Pakistan minister says West has ‘responsibility’ to help with floods as it’s caused climate change | World News

The planning minister said that richer countries have a “responsibility” to help Pakistan deal with floods and prevent future disasters as they have caused climate change.

More than 1,000 people are believed to have been killed so far and more than a million homes have been damaged.

Monsoon rains in history also have wash away roads, bridges and crops – and planning minister Ahsan Iqbal said Pakistan already feel the effects of climate change caused by wealthier nations and their “irresponsible development”.

“Our carbon footprint is the lowest in the world,” said Mr. Iqbal.

“The international community has a responsibility to help us, to upgrade our infrastructure, to make our infrastructure more climate resilient, so that we don’t suffer such damages every three, four, five years”.

He added: “Areas that used to receive rain received no rain and areas that received very light rain received very heavy rainfall.

The cost of disaster recovery is estimated at more than $10 billion (£8.54 billion) and could take around five years, Mr Iqbal said in an interview with Reuters news agency.

However, he said formal requests for financial help will have to wait until the full scale of the damage is clear.

Ahsan Iqbal
Ahsan Iqbal says richer countries are responsible for Pakistan

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Several countries have sent help: tens of thousands of blankets, tents and waterproof tarpaulins have been sent to China, while Canada has provided $5 million (£4.2 million).

Cargo planes from Turkey and the United Arab Emirates have also begun arriving in the Pakistani capital, Islamabad.

Finance Minister Miftah Ismail said Pakistan was also considering importing vegetables from its arch-rival India to ease shortages after food prices skyrocketed due to crop failures.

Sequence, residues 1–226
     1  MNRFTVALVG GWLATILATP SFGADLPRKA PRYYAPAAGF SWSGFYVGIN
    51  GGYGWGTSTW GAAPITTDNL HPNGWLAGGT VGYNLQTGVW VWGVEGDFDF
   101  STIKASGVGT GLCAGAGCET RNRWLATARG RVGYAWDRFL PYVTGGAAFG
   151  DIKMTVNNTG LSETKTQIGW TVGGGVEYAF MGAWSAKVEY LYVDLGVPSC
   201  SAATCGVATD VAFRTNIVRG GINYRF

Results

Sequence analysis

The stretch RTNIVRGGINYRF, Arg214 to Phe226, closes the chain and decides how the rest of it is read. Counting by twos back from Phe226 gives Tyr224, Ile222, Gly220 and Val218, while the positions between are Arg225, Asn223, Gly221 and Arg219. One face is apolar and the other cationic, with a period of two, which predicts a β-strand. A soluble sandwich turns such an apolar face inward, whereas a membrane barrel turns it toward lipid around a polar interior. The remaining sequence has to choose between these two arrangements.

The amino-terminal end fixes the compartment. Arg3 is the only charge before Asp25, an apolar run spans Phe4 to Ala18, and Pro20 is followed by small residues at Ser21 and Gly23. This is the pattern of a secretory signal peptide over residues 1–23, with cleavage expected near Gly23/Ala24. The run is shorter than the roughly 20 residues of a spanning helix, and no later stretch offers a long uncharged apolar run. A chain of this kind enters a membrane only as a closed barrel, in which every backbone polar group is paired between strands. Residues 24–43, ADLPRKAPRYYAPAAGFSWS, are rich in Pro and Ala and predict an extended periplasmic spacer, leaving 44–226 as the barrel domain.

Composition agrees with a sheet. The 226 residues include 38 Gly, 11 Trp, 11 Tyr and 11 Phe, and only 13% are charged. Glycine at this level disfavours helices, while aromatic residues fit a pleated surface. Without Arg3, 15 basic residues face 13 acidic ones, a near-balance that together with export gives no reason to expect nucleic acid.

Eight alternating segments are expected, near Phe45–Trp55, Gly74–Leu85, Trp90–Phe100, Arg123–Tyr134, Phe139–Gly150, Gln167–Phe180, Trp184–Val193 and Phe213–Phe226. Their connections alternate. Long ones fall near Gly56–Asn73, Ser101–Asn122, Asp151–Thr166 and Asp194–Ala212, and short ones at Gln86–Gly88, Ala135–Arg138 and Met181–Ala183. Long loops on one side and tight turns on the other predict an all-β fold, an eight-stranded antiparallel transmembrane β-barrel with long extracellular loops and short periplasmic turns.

People float their belongings through a flooded area on the outskirts of Peshawar.  Photo: AP
People float their belongings through a flooded area on the outskirts of Peshawar. Photo: AP

Much of the country has been devastated by floods since mid-June, and more than 30 million people have been affected in the country by about 220 million.

There are concerns that the situation could get worse.

Peter Ophoff, from the International Federation of Red Cross and Red Crescent Societies, told Sky News: “The windy season should have stopped at the end of July.

“We’re at the end of August now, and we’re still having a lot of rain. A lot of people are thinking we haven’t reached the top.”

Residents stand in houses partially damaged by flooding after heavy rains, on the outskirts of Quetta, Pakistan, Saturday, Aug. 27, 2022. Officials say flash floods are caused by monsoon rains. The outbreak over much of Pakistan has killed nearly 1,000 people and displaced thousands more since mid-June.  (AP Photo / Arshad Butt) PIC: AP
Flooding caused damage to homes on the outskirts of Quetta. Photo: AP

He said the flooding was the worst in decades and access was the biggest problem because about 3,000 kilometers (1,860 miles) of roads had been washed away, as were 160 bridges.

The Queen and Prime Minister Boris Johnson have both issued messages of support, with the monarch saying she is “deeply saddened to hear of the tragic loss of life and devastation”.

Flooding preceded economic problems in Pakistan due to factors such as high inflation and currency devaluation.

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